Dracula Chapter 9
Mina writes to Lucy from Budapest, explaining Jonathan's condition. He does not remember his time in Transylvania, and only the nun knows what was said in his delirium. She says nothing except that "the ravings of the sick were the secrets of God."
Jonathan tells Mina that he has no desire to know the secrets of his madness, and so entrusts his diary to his fiancée with the instructions that he must not be told the contents unless some "solemn duty" requires that he should.
They are married that day, in the hospital room, and Mina immediately takes the book and seals it with wax, using her wedding ring as a seal, and shows the sealed book to Jonathan as a sign of marital trust.
Lucy writes her good wishes to Mina. She also says that Arthur has come, and they are to be married within the month. She writes that she is well, but five days earlier, in a diary she wrote of feeling weak, and of hearing a scratching at the window around midnight.
Meanwhile, Dr. Seward's journal shows that he has been studying Renfield closely. The patient goes from being completely deferential to the doctor to trying to kill him. He tends to be violent during the day and docile at night. After attempting to kill Seward during another escape attempt, he becomes immediately calm, and the doctor notices a large bat flying above.
In a letter to Dr. Seward, Arthur Holmwood asks his friend to come to Hillingham, in southwestern England, to treat Lucy, who is worsening. "It will be a painful task for you, I know, old friend, but it will be for her sake, and I must not hesitate to ask, or you to act." Chapter 9, pg. 121 In a follow-up telegram, he adds that he will be leaving to sit with his father, who is ill again as well.
Seward responds immediately, and reports to Holmwood. While he does not examine her thoroughly, out of respect for their engagement, he believes her to have no known sickness, but still very clearly to be ill.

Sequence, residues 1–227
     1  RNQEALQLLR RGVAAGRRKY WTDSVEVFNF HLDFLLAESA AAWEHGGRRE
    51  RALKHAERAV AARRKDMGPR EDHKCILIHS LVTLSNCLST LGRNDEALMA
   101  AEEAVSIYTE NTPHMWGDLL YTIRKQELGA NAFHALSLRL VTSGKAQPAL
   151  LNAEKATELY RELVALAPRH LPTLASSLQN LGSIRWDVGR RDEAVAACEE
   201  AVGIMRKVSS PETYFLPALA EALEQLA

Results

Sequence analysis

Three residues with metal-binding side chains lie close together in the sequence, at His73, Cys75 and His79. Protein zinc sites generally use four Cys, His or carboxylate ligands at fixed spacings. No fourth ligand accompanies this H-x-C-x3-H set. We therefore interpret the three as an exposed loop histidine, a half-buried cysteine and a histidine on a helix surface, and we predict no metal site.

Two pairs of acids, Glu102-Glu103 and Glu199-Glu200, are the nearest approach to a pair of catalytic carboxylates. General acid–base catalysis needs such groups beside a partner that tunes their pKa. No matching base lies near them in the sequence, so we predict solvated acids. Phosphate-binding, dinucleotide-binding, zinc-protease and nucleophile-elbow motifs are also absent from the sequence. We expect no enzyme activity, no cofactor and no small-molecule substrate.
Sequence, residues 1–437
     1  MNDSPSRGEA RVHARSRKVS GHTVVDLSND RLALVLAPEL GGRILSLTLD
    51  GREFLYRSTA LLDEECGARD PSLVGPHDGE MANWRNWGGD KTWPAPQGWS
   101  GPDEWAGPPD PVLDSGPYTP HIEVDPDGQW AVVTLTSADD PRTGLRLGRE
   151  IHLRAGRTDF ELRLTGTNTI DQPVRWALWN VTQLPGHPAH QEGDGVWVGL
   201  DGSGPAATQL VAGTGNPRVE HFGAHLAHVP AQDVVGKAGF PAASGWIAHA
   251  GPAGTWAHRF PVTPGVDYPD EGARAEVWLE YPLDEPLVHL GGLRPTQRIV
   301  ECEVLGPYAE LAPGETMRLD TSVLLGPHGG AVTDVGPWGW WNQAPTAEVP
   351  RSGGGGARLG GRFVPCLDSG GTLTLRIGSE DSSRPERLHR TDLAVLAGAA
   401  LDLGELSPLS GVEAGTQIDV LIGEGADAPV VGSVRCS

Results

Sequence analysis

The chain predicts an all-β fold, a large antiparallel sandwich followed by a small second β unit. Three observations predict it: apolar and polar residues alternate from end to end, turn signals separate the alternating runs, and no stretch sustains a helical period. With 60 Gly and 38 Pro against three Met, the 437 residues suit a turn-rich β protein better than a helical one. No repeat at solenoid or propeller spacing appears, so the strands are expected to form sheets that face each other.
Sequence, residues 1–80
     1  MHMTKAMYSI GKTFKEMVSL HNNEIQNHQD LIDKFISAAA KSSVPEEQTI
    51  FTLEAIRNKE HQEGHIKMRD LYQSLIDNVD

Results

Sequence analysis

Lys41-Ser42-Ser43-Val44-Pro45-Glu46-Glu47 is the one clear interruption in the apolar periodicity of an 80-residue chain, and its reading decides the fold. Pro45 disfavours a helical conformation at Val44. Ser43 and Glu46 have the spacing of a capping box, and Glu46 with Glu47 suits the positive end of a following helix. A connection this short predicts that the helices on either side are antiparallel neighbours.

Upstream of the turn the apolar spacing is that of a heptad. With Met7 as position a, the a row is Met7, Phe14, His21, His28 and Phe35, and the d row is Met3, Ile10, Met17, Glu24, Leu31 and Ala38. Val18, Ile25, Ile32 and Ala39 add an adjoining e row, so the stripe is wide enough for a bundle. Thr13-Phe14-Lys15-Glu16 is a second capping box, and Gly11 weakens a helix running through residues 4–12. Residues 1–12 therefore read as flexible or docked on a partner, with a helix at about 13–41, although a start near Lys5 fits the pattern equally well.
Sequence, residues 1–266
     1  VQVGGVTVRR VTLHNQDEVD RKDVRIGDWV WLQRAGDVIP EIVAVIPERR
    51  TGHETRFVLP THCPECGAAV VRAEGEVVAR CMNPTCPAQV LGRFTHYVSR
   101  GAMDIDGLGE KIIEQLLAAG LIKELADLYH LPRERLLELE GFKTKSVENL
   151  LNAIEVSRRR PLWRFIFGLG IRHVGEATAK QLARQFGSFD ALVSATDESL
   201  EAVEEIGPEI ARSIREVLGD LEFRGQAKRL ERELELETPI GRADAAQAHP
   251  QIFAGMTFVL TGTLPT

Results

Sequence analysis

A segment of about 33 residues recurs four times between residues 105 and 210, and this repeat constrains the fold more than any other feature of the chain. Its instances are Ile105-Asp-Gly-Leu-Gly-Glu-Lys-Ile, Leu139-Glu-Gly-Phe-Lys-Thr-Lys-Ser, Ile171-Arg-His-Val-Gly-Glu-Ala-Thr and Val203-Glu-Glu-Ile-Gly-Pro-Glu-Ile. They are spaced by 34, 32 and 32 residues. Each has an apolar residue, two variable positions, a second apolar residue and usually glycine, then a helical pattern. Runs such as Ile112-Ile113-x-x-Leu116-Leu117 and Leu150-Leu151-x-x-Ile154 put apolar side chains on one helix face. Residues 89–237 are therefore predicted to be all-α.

Seward takes it upon himself to contact his mentor, Professor Abraham Van Helsing of Amsterdam, who is a renowned expert on rare diseases as well as a great philosopher, physician and gentleman.
Van Helsing writes back that, being free at the moment, he will come immediately. He also writes that he would come for his friend and student even if he were incredibly busy.
Seward writes again to Holmwood. Van Helsing has come and taken complete control of the situation. He declares that the situation is "life and death, perhaps more," but, for reasons of logic and psychology, will tell the young doctor nothing else. Van Helsing, taken with the girl and loyal to his colleague, goes back to Amsterdam to study the situation further, with the instructions that Seward should write him a daily telegram.
Seward goes back to his journal and Renfield. The lunatic is going through daily changes, sometimes screaming violently, sometimes apologetic and calm. He goes back to farming flies and says, "All over! all over! He has deserted me." Chapter 9, pg. 127 Then, after screaming through sunset and again calming down, he announces that he is finished with insect-catching.
In the first telegram, Seward writes that Lucy is well. She is even better in the second. In the third, she is terrible, and Van Helsing is summoned again.